Come over to my latest multimedia extravaganza called “The TLP”
Dusting off the old keyboard, blowing the bits out of the “series of tubes”, and gearing up for some content creation.
Now that I am working on projects that aren’t requiring 80hrs a week of my time, and draining the life from me, its time to start letting those creative juices flow. (What an awful idiom)
I am making my effort to start up a podcast. Yes, those that know me have read the how-to’s I wrote a few years ago, and although i demonstrated podcasting and podcasts. I never really created one of my own. Well i think its time. Look for news here in the future about it.
Perhaps I will devote a portion of this site to essays (aka rants) about Open Source, Creative Commons, Mass Media, and other related topics. But for the moment, I am aiming my musical ramblings over to Insomnia Radio’s new site KillYourFM.com . That site is in development, and it will be interested to see what becomes of it.
After hearing complaints from my parents about their ailing computer (which is a kludge of used and random bits of hardware) I decided to get them a new machine. A System76 Koala Mini, pre-installed with Ubuntu. Since they currently use Debian, moving them over to Ubuntu should be seamless.
I have used Debian for some years, I have been promoting Ubuntu (or Kubuntu) as my distro of choice for new users. It wasn’t until last July that I installed k/Ubuntu on my own machine. My desktop is still running Debian, and is the work horse of a server, but for my laptop Ubuntu has been the choice.
On to the system. Why did I choose this one? Simplicity.
I wanted a system that could replace that monstrous tower on the desk, and basically wouldn’t be messed with. This machine is a mere 6.5″x6.5″x1.97″ (LxWxH). You won’t be adding any hardware inside this guy. The options i have chosen are Intel Core 2 Duo T5600 1.83ghz, 1gb ram, 100gb sata harddrive.
Some of the features that make this such a great machine are the CDRW/DVDRW (dual layer) drive, integrated wifi 802.11abg, dvi and s-video outputs, and the undocumented remote control and IR.
I should be receiving the computer in a week, where i intend on setting up the accounts for my parents, installing some applications I know they will need, and making sure its ready to go when they get it. They should not have to worry about configuring anything. Although, from what I read, System76 does a great job at setting up Ubuntu for you, they can’t possibly set up accounts for my parents and import all of their data from the existing system.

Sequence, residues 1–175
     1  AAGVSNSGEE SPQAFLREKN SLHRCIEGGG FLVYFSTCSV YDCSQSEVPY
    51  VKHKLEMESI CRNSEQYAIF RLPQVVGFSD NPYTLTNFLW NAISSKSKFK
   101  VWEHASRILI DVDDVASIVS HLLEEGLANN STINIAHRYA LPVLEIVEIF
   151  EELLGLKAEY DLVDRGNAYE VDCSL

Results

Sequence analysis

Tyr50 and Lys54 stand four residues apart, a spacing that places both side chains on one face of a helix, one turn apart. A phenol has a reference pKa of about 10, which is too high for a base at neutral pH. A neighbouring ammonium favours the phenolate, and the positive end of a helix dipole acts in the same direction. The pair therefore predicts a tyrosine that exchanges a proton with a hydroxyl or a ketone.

I will post pictures and more on the system when I have it in hand.
Time surely flies when you are pulling 80hr weeks, and having no time off. It has been a long and tiring few months, but this absence from the blog I have managed to:
- Helped 2 people install Kubuntu on their systems
- Distributed 12 bootable linux cds
- Managed to create a Control system development environment
- Utilized VMware’s Player, and virtual machine installations of Windows 2k & XP
- Removed my need to ever boot Windows again as the host OS
- Picked up the pieces of an incomplete sugarcane syrup mill, and get it running in spite of itself
- Started my quest for fluency en EspaÃ±ol
- Picked up a Sony PSP, and hacked it
I will continue to document, and write about my implementations of Open Source applications for business and personal use.
In the meantime, i just found an opensource Project Management program GanttProject which can open MS Project files, and export to various formats.
?? ?? ? !
**The video playing in my demo is the “Truth Happens” commercial from Redhat
After a successful install of Kubuntu, I was not content to remain on the “stable” release of Ubuntu Dapper Drake. I have successfully been running off of the unstable release of Debian for over a year with very few problems.
As some of the programs I use on a regular basis have been updated since Dapper was frozen as a stable release, the best way to get them installed was to add Ubuntu Edgy Eft (the name of the unstable release) to my repositories and install. Everything was fine, so I just decided to go for the whole update and completely upgraded to Edgy. This was fine for about a week.
Unfortunately, I just updated some packages for Xorg without reading up on the changes first. It seems that with Xorg 7.1, the nVidia video card support has been lost. This has to do with the fact that nVidia’s proprietary drivers have yet to be updated to 7.1. As a result of that, text would disappear at random on the screen. This is no good for a computer you need to do work on. Trying to backout of the update did not have the desired results. Perhaps because I missed something, but I could not spend too much time fixing it, so I just went for a reinstall of Kubuntu. Easy enough. This time I watched the clock, and it took about 20 minutes to install kubuntu, then after installing I updated with all of the dapper updates, and programs I use not in the default install which took about 40 minutes to download.
Results: 1 hr of time to install and update Ubuntu, disk space taken up 2.8gb
Now 2.8gb seems like a lot of space, but one must remember, that this is not just an operating system. This is an operating system and all of the applications I use regularly, with a few games thrown in for fun. This go around I decided to repartition, and just give the operating system and applications 10gb to live in. At the moment I find this to be a reasonable size for an installation of linux, since even with all the development libraries I typically install for custom compilation of programs, I have yet to exceed 4.5gb of space.
Also, I should note that I have grabbed some programs from the Edgy repository, since I still require the newer versions, but I am just taking what I need and leaving the rest for the full stable release in October. Hopefully by then nVidia will have new drivers out.